Batbaatar Khurelbaatar’s painting “Pinhole” recalls the time in the early 1920s when his country of Mongolia got caught between the warring armies of the Soviet Union and China.
The Mongolian Communist Party, which then took over the country with Soviet support, would try to erase all traces of Mongolian culture.
Based on historical photos, the painting displays on the left Mongolians posing with Soviet officers shown through a coat of red, and on the right Mongolians sitting with Chinese officials barely visible under a layer of black paint.
This award-winning painter is one of three artists featured in the opening exhibition of Brad and Rattana Gordon’s Teo + Namfah Gallery on Street 214.
Another Mongolian artist in the exhibition is Nandin Erdene Budzagd, who signs her work “B. Nandia.” Some of her collage and acrylic works speak of the life of street kids in her country. The paintings were deliberately done in bright, pastel tones, though the reality they illustrate is far from joyful, the 29-year-old artist said. At times, those children are like “lost luggage” that no one cares for or claims, she said. In several paintings of that series, faces and bodies are made of bits of images painted or pasted as if the young people portrayed were disconnected or even broken due to their harsh lives.
The third artist in the show is Denis Min-Kim. Born in France to a Cambodian father, he has been living in Cambodia for about four years.
His series of drawings on Cambodian boxers based on photos he shot at boxing matches took him 88 days to complete, he said. He worked out composition on computer, sketched the scenes on paper, and then ground the color pigment of a black pastel stick into paste, which he applied by hand to each sketch. This technique was an attempt to convey the tension and concentration of the boxers, the 29-year-old artist explained.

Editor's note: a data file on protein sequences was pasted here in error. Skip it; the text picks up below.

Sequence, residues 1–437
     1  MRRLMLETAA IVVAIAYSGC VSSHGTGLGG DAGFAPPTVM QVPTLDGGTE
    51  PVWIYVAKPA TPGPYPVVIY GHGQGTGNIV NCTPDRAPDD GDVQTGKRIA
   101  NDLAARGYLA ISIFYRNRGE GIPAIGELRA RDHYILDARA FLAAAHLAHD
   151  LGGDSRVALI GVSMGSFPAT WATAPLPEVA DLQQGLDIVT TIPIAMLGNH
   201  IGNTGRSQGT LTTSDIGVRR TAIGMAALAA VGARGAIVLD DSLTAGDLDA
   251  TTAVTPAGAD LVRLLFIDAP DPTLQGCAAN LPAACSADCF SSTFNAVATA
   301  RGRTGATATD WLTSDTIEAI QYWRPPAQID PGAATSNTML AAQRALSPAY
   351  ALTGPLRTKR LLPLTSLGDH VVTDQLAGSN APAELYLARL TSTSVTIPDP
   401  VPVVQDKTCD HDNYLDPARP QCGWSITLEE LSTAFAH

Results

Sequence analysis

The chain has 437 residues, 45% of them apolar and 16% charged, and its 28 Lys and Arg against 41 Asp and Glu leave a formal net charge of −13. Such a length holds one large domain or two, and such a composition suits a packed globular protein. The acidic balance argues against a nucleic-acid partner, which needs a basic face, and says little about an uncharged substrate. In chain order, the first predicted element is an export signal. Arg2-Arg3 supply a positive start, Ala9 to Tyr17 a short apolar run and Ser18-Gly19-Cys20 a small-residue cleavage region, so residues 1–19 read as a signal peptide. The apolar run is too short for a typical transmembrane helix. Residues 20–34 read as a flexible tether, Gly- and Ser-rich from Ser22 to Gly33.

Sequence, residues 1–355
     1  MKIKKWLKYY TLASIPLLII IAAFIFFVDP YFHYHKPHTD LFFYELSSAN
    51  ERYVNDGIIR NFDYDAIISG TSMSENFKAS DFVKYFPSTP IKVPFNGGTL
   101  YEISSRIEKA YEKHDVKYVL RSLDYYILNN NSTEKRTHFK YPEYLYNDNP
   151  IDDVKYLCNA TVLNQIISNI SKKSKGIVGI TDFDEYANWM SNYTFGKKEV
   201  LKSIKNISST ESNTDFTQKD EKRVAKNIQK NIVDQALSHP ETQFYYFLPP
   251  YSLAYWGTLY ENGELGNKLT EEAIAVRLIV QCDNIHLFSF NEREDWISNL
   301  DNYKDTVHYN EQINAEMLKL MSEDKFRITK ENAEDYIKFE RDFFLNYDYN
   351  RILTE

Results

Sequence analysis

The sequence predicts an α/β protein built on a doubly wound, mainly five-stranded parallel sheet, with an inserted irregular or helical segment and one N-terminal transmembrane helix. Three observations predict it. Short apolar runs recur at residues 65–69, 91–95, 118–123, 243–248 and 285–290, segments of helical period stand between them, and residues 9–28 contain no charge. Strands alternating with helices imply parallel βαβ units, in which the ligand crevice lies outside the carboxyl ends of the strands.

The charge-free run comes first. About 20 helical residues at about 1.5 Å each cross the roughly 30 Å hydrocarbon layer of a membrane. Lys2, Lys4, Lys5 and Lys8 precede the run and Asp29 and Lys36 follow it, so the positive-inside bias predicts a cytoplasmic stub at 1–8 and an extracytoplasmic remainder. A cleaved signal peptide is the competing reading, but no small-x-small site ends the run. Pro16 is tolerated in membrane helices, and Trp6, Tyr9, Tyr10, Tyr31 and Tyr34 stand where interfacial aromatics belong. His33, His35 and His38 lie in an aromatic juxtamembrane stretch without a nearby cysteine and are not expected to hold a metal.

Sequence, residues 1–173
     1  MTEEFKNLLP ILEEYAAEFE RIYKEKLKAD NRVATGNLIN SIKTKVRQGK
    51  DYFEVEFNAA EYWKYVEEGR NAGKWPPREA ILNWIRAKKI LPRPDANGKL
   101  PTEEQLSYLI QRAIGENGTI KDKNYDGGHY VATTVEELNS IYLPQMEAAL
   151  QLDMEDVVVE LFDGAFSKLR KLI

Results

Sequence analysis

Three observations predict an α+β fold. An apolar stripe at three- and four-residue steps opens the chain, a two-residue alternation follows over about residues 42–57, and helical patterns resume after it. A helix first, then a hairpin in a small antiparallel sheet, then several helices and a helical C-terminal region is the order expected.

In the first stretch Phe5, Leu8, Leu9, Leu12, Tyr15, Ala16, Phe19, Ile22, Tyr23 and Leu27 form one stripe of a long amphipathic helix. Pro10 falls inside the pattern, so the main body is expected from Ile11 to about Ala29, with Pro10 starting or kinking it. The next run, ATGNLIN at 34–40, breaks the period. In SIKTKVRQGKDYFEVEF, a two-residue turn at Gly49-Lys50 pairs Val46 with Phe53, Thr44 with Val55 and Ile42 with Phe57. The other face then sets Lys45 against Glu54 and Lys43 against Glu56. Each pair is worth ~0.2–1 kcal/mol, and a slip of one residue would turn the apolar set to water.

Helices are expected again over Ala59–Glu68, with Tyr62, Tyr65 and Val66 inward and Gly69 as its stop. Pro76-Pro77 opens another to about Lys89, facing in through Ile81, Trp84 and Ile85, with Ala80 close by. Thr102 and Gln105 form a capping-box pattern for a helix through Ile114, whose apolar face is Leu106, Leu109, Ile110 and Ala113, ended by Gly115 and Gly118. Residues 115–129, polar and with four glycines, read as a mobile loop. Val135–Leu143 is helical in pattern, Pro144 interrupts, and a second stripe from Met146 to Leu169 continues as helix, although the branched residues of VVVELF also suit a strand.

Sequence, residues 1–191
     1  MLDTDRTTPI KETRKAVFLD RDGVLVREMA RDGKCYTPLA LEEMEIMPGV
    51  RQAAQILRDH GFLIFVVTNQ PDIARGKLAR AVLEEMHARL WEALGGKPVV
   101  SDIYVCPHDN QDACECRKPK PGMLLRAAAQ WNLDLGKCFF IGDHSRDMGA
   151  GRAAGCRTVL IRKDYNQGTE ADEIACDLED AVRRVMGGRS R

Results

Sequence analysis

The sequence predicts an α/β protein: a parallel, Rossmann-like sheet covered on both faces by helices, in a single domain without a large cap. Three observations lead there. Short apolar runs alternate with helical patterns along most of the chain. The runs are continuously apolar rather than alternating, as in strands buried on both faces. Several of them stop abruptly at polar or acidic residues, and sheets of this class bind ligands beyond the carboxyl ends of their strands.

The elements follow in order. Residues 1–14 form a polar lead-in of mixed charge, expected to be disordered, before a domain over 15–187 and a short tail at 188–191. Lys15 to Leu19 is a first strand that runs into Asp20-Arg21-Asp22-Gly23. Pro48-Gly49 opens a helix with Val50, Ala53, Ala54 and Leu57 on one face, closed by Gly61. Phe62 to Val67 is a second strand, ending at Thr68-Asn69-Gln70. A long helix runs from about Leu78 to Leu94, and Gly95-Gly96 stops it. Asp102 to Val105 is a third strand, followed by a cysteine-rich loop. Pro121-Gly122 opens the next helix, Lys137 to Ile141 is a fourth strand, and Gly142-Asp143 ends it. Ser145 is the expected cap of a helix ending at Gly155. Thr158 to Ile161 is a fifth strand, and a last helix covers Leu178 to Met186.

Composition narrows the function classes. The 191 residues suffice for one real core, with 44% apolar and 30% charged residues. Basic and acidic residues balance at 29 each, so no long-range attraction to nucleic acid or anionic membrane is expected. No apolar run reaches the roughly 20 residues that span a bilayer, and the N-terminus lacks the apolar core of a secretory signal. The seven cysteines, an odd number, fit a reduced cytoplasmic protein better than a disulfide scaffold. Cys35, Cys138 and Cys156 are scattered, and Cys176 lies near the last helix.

Mr Gordon had planned for two years to hold an exhibition of these two leading Mongolian artists, he said. At first, he had thought of showing their work at his gallery in Bangkok or in Hong Kong, where he is involved with a couple of galleries, but decided instead to do it at his Phnom Penh gallery launch.
At the new gallery, he said, “We’re looking to show some of the strongest artists we can find in this young generation: late 20s and early 30s. We think that Phnom Penh can be a very good place to hold exhibitions for that age group. And we’re looking for artists from Indonesia, maybe the Philippines, and a few other countries,” he said.
“We would love to see Phnom Penh as a cultural center for Asia and to just put it on the map in terms of a place artists across Asia want to come and show,” Mr Gordon said.
The exhibition at 21 Street 214 ends July 1.
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